I dunno. The current crop of slushboxes all cost $2500 or more, frequently much more, to overhaul while a good quality manual gearbox costs around a grand. If you know how to shift, the manual will greatly outlast the slushbox. Other than oil changes, there is little you can do to preserve a slushbox, you have no real control over them. With a manual, if you are gentle with the clutch, know how to double clutch downshifts and always use neutral at traffic lights to spare the clutch release bearing, a manual can be made to last well into six digit mileages with no repairs.I have posted this,and a few other copys like it all over this forum.
This is why I say WOW when I see a new thread posted about loud engagement,when all one has to do is search around a little.
Most everyone I've ever talked with about gear boxes,including most every so called mechanic,does not have a clue as to how manual shift transmissions work.Like with synchronized transmissions,most think the blocking rings,or brake rings,are the syncronizer,when in reality,a synchronizer is a system of a few parts.
I still deal with people that call manual transmissions Standard,when the truth is,automatic transmissions are standard and sticks are optional,have been for over 30 years!
With motorcycles,manual gear boxes are standard,because there is little,or no option.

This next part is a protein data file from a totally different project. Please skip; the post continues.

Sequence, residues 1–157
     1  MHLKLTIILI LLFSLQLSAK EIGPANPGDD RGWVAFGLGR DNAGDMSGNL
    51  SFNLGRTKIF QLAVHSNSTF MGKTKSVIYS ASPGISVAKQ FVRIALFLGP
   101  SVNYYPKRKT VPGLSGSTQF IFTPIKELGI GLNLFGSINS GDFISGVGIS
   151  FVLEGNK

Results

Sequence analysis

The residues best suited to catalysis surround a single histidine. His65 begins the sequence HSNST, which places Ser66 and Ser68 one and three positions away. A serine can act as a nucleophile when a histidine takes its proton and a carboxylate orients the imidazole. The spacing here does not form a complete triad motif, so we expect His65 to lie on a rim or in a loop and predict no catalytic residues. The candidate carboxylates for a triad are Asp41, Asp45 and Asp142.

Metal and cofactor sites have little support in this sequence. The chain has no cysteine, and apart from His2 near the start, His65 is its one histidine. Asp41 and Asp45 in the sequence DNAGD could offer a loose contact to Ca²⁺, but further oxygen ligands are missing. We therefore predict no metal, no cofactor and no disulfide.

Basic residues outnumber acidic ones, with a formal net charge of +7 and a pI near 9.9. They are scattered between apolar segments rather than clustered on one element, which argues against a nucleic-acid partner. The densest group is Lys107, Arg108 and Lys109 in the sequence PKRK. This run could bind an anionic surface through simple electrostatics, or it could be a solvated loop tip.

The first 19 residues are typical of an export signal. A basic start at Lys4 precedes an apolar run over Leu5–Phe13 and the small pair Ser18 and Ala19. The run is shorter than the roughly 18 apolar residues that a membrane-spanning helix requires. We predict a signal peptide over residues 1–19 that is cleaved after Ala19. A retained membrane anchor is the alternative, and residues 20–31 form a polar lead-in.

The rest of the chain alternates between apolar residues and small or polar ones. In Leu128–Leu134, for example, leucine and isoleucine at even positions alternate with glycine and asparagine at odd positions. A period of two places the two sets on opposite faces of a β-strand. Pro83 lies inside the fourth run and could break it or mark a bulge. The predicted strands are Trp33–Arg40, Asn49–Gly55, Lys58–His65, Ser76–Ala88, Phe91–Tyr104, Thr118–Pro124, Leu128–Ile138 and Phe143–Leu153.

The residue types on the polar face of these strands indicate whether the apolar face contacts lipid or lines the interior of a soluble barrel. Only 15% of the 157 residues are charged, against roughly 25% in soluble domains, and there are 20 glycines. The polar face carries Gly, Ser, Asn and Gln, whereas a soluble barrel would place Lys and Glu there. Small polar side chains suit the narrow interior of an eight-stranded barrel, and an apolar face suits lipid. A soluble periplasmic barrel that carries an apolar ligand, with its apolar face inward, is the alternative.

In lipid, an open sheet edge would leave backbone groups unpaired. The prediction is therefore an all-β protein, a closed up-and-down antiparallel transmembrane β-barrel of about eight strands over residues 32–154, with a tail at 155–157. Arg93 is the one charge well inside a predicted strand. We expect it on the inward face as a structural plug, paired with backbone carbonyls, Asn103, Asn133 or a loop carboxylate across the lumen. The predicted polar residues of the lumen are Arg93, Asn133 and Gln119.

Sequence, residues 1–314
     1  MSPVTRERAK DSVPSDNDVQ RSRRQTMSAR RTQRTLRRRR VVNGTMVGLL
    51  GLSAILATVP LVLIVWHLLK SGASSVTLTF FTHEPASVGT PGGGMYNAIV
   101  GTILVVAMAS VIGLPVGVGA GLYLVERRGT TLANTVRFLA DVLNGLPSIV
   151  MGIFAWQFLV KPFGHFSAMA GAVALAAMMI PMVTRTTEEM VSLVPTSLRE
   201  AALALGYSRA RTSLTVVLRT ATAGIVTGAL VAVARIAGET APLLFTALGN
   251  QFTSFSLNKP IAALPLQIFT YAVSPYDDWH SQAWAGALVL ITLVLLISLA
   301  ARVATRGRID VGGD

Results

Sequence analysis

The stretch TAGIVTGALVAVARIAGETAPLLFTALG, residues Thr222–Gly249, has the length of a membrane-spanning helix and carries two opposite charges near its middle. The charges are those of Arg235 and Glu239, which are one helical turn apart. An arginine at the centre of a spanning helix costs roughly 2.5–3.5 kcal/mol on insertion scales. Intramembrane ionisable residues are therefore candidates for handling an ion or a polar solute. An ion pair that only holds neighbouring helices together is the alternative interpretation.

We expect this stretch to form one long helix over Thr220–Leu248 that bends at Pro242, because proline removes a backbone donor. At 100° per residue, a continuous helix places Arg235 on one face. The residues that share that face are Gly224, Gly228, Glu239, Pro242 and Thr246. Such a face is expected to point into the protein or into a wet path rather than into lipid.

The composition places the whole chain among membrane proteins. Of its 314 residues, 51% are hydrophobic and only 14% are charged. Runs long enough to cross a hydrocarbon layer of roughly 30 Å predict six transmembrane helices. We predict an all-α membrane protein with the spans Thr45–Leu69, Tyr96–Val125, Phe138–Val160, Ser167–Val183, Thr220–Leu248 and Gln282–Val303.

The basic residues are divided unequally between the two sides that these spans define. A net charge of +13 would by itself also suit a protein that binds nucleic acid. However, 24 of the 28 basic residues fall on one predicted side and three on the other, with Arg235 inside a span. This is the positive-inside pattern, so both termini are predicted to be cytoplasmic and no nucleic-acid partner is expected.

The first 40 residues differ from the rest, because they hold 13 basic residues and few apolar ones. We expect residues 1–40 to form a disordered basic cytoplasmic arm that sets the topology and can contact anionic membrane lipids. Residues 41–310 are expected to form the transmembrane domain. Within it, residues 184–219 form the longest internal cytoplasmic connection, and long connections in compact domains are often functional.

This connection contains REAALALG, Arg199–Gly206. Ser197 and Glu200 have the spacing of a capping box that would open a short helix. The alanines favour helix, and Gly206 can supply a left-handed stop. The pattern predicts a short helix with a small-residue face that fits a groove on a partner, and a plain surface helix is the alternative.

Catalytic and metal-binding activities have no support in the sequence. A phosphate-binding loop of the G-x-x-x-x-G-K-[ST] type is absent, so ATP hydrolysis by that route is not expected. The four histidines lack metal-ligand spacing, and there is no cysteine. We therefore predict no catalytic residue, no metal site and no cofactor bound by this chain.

I was 12yo when I dug into my first 3 speed manual transmission.I didn't have a clue,but I took 3 and made one that worked in my own 63 Chevy.
Stick shift tools are very expensive and become obsolete in a couple of years,so I've shied away from them in the past few years because I don't have a lot of the tools to do manual transmissions efficiently.
I dunno. The current crop of slushboxes all cost $2500 or more, frequently much more, to overhaul while a good quality manual gearbox costs around a grand. If you know how to shift, the manual will greatly outlast the slushbox. Other than oil changes, there is little you can do to preserve a slushbox, you have no real control over them. With a manual, if you are gentle with the clutch, know how to double clutch downshifts and always use neutral at traffic lights to spare the clutch release bearing, a manual can be made to last well into six digit mileages with no repairs.
Additionally, there will always be a demand for a good manual gearbox on performance cars. No DSG or slushbox will ever be as satisfying as shifting your own gears and blipping the throttle the old fashioned way. Get it right and it is almost erotic.
I have a ZF five speed in an Audi that needed new bearings and synchros. Eleven bearings total by the way. Parts and labor were one grand even, and a local shop charged me $400 to R&R, plus changing two CV joint boots and $350 for a Sachs Sport clutch. The original clutch wasn't worn out, I just wanted that clutch. Shopping around that seemed to be the going rate for my car. This was around 2005 or 2006 with 135,000-140,000 miles, not that long ago. I will say that cars with transverse engines were more expensive to R&R the gearbox from, maybe $700 vs $400 for mine.You say cost,well if you actually knew what it costs me,and transmission shops,to rebuild most automatic transmissions,you would shit! The trick is,finding someone that can make that box of parts work right.